NEW YORK — In the latest sign that Americans are feeling better about the overall economy, stores across the country had a pickup in sales in May.
An improving job picture, better housing market and stock market rallies have all led to consumer confidence reaching five-year highs. That has left Americans a bit more likely to reach into their pockets and spend, as monthly revenue reports released by national retailers on Thursday show.
Revenue at stores open at least a year — an industry measure of a store’s health — rose 3.2 percent in May compared with the same month a year ago, according to a preliminary tally of 12 retailers by the International Council of Shopping Centers.
The increase continues a gradual sales uptick that began in early spring. The measure rose 3 percent in April.
“It’s good, not great,” said Michael Niemira, chief economist at the ICSC. “Some underlying improvement in the U.S. economy along with an improving ‘wealth effect’ from rising stock and home prices is helping to lift the sales pace,”
He expects the gradual increase to continue, predicting revenue to rise 3 to 3.5 percent in June.
While big chains such as Wal-Mart Stores Inc., Target Corp and Macy’s Inc. don’t report monthly revenue, the stores that do offer economists a snapshot of consumer spending habits. In total, the retailers that report monthly data represent about 6 percent of the $2.4 trillion in U.S. retail industry sales.
Accenture managing director Chris Donnelley said the monthly numbers, combined with previous months’, are encouraging as weather became more predictable and shoppers acted on pent-up demand for spring and summer clothing.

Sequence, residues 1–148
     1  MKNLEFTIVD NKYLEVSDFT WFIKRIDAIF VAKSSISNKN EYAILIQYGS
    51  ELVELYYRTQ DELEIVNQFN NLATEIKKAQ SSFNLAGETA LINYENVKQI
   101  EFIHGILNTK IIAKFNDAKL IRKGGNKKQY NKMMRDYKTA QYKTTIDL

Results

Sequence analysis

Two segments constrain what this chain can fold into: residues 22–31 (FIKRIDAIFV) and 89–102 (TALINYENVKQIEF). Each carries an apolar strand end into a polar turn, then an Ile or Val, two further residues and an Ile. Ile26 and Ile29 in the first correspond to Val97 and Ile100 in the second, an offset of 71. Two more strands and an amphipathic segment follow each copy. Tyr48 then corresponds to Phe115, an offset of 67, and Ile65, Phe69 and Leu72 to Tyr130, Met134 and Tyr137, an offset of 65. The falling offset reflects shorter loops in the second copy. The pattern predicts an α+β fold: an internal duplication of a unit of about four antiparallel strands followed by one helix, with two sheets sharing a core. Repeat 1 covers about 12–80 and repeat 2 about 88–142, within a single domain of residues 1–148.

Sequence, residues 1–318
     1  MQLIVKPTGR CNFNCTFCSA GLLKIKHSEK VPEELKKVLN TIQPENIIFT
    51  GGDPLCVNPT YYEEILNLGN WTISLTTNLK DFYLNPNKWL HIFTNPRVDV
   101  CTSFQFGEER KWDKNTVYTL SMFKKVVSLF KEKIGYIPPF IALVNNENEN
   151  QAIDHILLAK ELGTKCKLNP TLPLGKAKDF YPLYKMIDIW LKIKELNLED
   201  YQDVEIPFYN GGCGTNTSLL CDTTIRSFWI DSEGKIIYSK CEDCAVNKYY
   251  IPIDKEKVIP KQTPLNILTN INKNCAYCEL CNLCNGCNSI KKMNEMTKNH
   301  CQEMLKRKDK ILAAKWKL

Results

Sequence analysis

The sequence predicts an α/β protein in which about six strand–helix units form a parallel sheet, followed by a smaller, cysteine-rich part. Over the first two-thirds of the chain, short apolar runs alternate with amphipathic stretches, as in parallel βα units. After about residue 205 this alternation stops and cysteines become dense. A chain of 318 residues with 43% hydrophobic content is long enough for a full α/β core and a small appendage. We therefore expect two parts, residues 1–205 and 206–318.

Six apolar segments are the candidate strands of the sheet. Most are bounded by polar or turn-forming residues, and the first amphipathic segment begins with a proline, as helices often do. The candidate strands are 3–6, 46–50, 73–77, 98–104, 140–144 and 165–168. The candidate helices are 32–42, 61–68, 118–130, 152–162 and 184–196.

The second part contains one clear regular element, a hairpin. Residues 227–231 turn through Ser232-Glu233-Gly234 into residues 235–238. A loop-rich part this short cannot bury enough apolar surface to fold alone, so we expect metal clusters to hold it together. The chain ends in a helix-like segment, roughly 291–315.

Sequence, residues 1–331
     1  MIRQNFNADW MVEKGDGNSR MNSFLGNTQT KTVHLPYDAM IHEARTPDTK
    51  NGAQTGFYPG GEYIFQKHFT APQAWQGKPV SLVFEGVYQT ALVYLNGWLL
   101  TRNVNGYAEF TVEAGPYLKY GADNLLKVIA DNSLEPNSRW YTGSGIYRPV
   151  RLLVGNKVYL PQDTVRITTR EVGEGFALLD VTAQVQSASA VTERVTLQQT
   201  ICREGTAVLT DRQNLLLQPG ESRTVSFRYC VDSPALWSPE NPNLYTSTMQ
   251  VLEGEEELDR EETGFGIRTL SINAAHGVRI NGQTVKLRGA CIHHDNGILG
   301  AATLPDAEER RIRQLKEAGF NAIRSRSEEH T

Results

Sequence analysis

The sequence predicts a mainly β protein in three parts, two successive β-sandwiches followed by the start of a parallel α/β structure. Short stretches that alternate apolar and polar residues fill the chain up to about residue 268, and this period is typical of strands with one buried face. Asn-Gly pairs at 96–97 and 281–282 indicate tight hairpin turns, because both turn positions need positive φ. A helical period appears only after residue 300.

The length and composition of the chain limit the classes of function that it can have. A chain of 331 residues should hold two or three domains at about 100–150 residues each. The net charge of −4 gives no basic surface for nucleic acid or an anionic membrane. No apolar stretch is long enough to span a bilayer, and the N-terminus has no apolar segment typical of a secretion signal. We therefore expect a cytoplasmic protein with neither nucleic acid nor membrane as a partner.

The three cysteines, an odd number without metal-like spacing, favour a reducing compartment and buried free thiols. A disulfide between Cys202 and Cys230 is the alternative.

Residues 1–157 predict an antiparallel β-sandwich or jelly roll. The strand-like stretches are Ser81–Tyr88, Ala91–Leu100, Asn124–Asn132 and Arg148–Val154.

“Overall, it’s a positive sales trend,” he said. The numbers were surprisingly consistent across all sectors, he said, including discount stores, specialty apparels and teen stores.
“Everybody seems to produce good numbers, but nobody had a breakthrough for May,” he said.
Among the best performers were Costco Wholesale Corp., which reported revenue in stores open at least one year rose 5 percent, though that fell slightly short of analyst expectations of a 5.5 percent rise. The measure rose 6 percent excluding changes in gas prices and the stronger dollar.
Discount department store operator SteinMart had surprisingly strong results, with the measure up 8.2 percent, far above the 2 percent that was expected. Ladies’ casual and career sportswear were also among its best categories for the month.
L Brands Inc., which operates Victoria’s Secret and Bath and BodyWorks and was formerly known as Limited Brands, said the figure rose 3 percent, slightly below analyst expectations of a 3.2 percent increase.
In the teen sector, the Buckle Inc.’s revenue at stores open at least a year climbed 4.1 percent in May, as teens snapped up spring and summer clothing. Results topped analyst expectations of a 3.3 percent rise.
The reports came as the Labor Department said Thursday that the number of Americans seeking unemployment benefits fell 11,000 last week to a seasonally adjusted 346,000, a level consistent with steady job growth. Meanwhile, the stock market has been on a rally, rising every month this year and climbing to record levels this spring, although there has been some pullback in June. And housing prices rose 11 percent in March, the sharpest 12-month increase in 7 years.
But despite the positive news about the economy, analysts expect modest but steady gradual growth rather than any significant spending uptick that may have been seen a decade ago.
“We’re not seeing higher gains like we saw in the mid-2000s when the real estate market was on the rise,” said Ken Perkins, president of research firm Retail Metrics LLC. “So many consumers still have homes underwater and are still playing catch up.”